- I'm Doing...
- About Me/Contact
Weaving Hand Spun Yarns into Shoulder Bags
Submitted by Pam on Thu, 05/23/2013 - 22:52
New weaving project on the loom! The completed weaving will be about 8" x 92" and sewn into a bag per this pattern.
Weft yarns are hand spun yarns! And I am sharing all the sources in this post!
The warp which you can see above is from Yarnia.
…but also adds a bit of life to the neutral natural wool colored yarns being used.
All the lovely hand spun yarns I have been collecting for a couple years for this project!
The yarns that started me on this project in the first place! A scrumptious knot of wool yarns purchased for me by my mother while she was visiting Canyon de Chelly on the Navajo Reservation in Arizona.
My mom was told these are all natural sheep wools and somehow got the idea that they were grown, sheered, carded and spun on the reservation. A small tag (found buried in the knot while I was winding the skeins into balls) seems to suggest otherwise - apparently the wool was at least spun at Brown Sheep Company in Vermont.
That's OK - I adore the yarns produced at Brown Sheep and use them often. I am disappointed the yarn may not be quite as originally presented, but because of where it was purchased and because it is a gift from my mother, and because I loved the look of that knot so much that I used it as the centerpiece on my dining table for nearly a year - I am including these yarns in my bag!
I am so lucky to have a mother who knows me so well! For my birthday last year, she sent me a bag of yarn from Shepherd's Lamb - a sheep farm located in northern New Mexico that specializes in raising Churro Sheep.
The yarn is 100% certified organic Churro Sheep Yarn - natural color and produced on the farm. Churro Sheep have not been in great favor for yarn production because the wool tends to be quite wavy. (Churro sheep wool is the inspiration for naming the much loved fried Mexican pastry by the same name!)
Yarn completely produced on New Mexico soil by two people who obviously care deeply about what they are doing and how they do it makes these two skeins very special additions to the weaving. One day, I hope to meet the owners of Shepherd's Lamb!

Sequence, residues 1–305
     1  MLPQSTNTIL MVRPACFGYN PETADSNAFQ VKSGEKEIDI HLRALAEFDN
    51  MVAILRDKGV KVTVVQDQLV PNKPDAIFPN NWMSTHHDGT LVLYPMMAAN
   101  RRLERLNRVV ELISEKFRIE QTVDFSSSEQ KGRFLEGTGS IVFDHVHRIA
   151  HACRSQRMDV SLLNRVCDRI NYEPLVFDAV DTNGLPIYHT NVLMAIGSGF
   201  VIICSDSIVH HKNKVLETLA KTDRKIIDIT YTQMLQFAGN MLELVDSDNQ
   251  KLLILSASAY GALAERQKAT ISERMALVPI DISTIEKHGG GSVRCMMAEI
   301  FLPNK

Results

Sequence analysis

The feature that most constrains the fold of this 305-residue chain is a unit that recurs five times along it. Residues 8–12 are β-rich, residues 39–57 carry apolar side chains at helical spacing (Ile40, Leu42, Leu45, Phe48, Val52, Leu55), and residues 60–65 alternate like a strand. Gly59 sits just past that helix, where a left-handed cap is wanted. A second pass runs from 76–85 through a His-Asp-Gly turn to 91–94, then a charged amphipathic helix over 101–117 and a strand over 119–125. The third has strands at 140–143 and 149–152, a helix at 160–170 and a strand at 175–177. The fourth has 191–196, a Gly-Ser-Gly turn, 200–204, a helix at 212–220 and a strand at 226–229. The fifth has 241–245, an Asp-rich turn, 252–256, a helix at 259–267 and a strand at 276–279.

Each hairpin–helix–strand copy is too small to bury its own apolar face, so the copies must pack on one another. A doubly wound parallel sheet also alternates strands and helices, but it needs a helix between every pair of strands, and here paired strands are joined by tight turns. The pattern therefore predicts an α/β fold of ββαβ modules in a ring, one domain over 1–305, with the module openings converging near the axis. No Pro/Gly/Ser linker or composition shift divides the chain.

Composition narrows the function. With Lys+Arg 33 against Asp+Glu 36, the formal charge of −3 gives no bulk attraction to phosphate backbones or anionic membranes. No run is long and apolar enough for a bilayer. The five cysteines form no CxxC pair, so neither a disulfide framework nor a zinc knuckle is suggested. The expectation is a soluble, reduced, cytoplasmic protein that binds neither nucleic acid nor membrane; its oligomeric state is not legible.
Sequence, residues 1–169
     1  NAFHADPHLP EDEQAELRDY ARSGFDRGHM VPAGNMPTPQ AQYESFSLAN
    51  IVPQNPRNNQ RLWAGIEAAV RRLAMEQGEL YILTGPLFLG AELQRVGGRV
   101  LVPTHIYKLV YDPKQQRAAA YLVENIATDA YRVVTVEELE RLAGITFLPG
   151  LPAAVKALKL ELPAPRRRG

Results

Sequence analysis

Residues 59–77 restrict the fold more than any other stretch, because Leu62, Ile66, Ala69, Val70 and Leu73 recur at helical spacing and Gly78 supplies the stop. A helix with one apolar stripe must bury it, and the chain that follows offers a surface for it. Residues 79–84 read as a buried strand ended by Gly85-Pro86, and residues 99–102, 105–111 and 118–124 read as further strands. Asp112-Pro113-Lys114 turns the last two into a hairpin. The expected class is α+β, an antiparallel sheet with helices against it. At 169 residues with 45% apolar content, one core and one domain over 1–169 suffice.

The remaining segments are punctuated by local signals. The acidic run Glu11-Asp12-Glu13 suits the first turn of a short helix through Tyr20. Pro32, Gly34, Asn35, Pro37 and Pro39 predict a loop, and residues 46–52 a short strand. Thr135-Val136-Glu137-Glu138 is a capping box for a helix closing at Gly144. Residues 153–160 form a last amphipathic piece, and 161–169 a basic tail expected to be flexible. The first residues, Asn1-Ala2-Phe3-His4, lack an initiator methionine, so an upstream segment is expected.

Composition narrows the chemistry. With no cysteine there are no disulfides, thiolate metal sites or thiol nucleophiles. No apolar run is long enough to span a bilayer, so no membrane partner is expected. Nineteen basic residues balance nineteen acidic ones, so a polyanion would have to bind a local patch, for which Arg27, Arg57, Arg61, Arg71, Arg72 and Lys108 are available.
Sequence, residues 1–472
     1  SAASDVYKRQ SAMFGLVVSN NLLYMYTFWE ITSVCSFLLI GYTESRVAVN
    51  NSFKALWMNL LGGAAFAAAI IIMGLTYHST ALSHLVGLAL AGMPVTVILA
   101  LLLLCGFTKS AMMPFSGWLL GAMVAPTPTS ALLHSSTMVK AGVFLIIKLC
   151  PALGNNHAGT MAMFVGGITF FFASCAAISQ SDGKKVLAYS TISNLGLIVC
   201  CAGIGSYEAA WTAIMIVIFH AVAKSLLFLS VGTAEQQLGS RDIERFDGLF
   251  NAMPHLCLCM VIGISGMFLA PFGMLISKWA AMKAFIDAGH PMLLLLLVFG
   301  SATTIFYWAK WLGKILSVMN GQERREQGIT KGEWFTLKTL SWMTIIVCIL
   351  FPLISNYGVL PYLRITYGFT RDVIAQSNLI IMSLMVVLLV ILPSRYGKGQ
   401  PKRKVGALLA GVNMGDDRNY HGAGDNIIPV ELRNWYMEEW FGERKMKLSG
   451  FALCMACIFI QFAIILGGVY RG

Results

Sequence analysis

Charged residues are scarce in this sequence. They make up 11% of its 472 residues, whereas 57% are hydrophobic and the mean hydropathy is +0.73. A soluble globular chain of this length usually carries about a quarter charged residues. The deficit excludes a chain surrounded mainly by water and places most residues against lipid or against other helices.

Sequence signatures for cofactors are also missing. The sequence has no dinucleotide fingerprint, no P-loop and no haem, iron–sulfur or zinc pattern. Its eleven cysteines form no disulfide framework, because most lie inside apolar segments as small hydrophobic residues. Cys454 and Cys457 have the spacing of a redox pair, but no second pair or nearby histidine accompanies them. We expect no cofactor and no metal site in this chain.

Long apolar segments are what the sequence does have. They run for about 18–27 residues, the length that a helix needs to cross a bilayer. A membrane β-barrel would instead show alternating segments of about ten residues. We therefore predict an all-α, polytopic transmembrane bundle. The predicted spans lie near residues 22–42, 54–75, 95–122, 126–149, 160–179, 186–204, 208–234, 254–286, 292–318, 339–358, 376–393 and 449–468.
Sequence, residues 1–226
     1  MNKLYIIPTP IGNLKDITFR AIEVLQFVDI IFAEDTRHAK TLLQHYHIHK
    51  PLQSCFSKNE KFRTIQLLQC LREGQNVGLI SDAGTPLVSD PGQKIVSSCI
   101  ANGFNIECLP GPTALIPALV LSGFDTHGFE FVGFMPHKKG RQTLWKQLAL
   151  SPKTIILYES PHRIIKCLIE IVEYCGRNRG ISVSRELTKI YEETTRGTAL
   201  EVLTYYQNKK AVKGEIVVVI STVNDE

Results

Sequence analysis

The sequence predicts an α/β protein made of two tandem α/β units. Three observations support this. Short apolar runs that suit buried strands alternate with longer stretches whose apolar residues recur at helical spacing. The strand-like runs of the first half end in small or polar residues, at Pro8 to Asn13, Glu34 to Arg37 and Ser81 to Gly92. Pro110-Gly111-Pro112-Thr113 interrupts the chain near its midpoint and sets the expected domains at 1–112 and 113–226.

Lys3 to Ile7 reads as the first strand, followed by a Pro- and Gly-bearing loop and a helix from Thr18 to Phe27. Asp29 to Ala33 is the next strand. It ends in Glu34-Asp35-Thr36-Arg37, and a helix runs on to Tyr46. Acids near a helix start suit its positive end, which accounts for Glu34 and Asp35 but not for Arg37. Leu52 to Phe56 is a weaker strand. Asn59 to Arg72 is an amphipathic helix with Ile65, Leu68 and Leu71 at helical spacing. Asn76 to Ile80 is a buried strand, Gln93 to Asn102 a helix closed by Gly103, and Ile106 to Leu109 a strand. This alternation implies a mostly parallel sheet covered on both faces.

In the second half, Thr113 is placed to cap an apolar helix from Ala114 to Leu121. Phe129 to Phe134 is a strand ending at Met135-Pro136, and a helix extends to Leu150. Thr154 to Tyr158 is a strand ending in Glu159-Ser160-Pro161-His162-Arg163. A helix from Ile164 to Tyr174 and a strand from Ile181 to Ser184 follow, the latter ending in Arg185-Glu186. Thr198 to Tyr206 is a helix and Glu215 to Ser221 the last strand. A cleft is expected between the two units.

And here - my little collection of hand spun bits which I found thanks to The Bellwether, Port Angeles, Washington State. I was able to purchase several small mini-skeins - just a few yards each - of "practice hand spun yarns" produced during spinning classes or test bits from The Bellwether Shop and "By Our Hands".
I was especially happy to have the opportunity to add small skeins of many different hand spun yarns to the collection.
Is this gorgeous yarn or what? I am just nuts about it!! As the direction of this project grew to be more and more personal, I decided that the project would not be complete without including yarn hand spun by Terri Bibby - my Saori Muse and a weaver I admire very, very much.
I asked her to spin a bit of yarn for this project, she kindly agreed and this is the fabulous result!!
And this is how lovely it looks woven into fabric. And perfect with the warp too! An accident but a happy accident!!!
You can find Terri and her beautiful Saori weaving on her blog: Weaving a Life
My very first bit of spinning will be used as well! Both the not so great bit I spun all by myself (on the left), and the much nicer yarn on the spindle that I made while learning to spin with guidance from Melissa at Make One!
Since the yarn on the spindle was partially spun by Melissa and partially spun by me while she watched, it is a perfect way to include her in this project.
Amelia (The Bellwether) provided the natural "black sheep" wool roving and the spindle!
Another gorgeous hand spun yarn from an Oregon spinner - Arlene Gowing who with her husband has a small business "Rags to Rugs & Stuff".
I met Arlene while at the Vancouver Recycled Arts Festival a couple years ago. She was sitting at the biggest, old fashioned spinning wheel I have ever seen - her fingers moving in a perfect rhythm - she almost looked as though she was playing a harp.
I was smitten and watched in a state of enchantment for quite a while before coming out of my little coma! I fell in love with this beautiful blue skein of hand spun yarn and every time I look at it I can see Arlene's fabulous spinning wheel whirling! Sadly my camera will not capture the color perfectly but it is fairly close.
If you live in Oregon or southern Washington State, you can catch Arlene spinning at many outdoor craft fairs.
And finally, last but not least, one small skein of the yarn purchased at Warm Valley Orchards is earmarked for the project!
The other skein - I am making another Tunisian scarf!